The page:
10 Aug 2010
Ophthalmology and aesthetic laser specialist Iridex is looking at ways to consolidate the fragmented market, as are rivals Cynosure and Cutera.
Iridex, the medical laser company based in Mountain View, California, is the latest in the fragmented sector to suggest that more consolidation of the industry is required.
After posting a net income of $0.8 million on sales of $9.9 million in the second quarter of the year, the company stated that it was “looking at other strategic opportunities”, following its recent acquisition of the small private company RetinaLabs.
With investors keen for Iridex to grow business and thereby increase its presence within the financial community, pressure appears to be mounting for the company to initiate a merger or acquisition involving a company of a similar size.
The medical laser industry appears to be ripe for such consolidation, with a large number of relatively small companies vying for market share in applications such as dermatology, ophthalmology and aesthetic procedures.
Peer-group companies such as Cutera, also based in California and focused on laser-based aesthetic procedures, have also suggested that consolidation is in the air. In its recent earnings call, Cutera drew attention to the fact that it had more than $100 million in cash and no debt on its balance sheet, and was looking ways to exploit that financial muscle.
In its own second-quarter results, Cutera reported sales of $12.2 million, up from $11.7 million a year ago, but also a net loss of $3.8 million.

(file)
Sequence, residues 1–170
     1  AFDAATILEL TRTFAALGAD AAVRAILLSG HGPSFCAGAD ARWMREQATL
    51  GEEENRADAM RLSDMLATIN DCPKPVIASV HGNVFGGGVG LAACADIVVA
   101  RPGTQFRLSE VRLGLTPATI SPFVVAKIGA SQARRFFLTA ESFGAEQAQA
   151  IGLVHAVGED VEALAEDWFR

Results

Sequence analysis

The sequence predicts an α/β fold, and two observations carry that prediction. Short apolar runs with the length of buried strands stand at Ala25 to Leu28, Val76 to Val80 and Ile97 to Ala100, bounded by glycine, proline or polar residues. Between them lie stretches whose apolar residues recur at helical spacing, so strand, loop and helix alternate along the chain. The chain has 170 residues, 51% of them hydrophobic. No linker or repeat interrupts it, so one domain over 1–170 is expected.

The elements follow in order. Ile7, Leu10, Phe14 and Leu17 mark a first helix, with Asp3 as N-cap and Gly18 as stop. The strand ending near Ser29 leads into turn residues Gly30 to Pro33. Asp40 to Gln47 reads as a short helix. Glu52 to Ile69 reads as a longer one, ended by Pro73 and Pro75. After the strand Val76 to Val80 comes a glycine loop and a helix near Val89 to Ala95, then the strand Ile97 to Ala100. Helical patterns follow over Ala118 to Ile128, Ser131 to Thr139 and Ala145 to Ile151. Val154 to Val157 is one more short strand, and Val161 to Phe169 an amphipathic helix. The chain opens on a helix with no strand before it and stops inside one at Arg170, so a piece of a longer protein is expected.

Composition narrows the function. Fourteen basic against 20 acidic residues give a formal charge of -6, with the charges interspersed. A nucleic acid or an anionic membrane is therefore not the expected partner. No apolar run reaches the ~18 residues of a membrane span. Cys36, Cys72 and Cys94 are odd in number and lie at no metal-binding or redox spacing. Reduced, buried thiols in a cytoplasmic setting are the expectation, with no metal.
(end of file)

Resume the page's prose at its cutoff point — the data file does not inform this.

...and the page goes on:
Meanwhile, Cynosure, which is also focused on the aesthetic market, for applications such as hair and tattoo removal, is another to publicly announce its intentions. Cynosure CFO Tim Baker said in the company’s recent earnings call that, with $96 million cash and no debt on the balance sheet, Cynosure was “very active in looking at non-organic opportunities to grow the organization”.
In other words, cash-rich Cynosure is looking at potential acquisition targets.
There are a significant number of such targets in the medical laser field. Aside from Cutera and Iridex, possibilities could include dermatology specialist Photomedex, or Biolase, which is focused on dentistry applications. With current market capitalizations of around the $20 million to $25 million mark, either Cynosure or Cutera could snap up both of those companies using existing cash, if desired.
Iridex could itself be a target for acquisition, given its current capitalization of only $32 million.
That valuation has been impacted over the past couple of months, and Iridex CEO Ted Boutacoff stated in the recent earnings call that the company had lost momentum as a result of returning economic uncertainties during May and June this year.
That uncertainty was prompted by the financial problems that spread across mainland Europe at the time, meaning that sales in the quarter were lower than Iridex had previously expected. However, Boutacoff added that despite the “significant” impact, he was now confident of a sustained recovery: “Fortunately, it appears that this was transient,” the CEO said of the crisis.
With the launch of new laser products – among them a green laser for photocoagulation treatment of diabetic retinopathy and age-related macular generation, and a multi-wavelength yellow/infrared system – in the quarter, Iridex appears to be gaining some market traction.
That will be aided by a recent clinical study showing that the company’s lasers can be safely used to improve central vision in those suffering from diabetic macula edema. “[The study] shows that the laser can now be used at an earlier stage of the disease,” Boutacoff said.
While Iridex is certainly making progress, it appears that some investors will be urging the company to grow the business more quickly, through merger activity.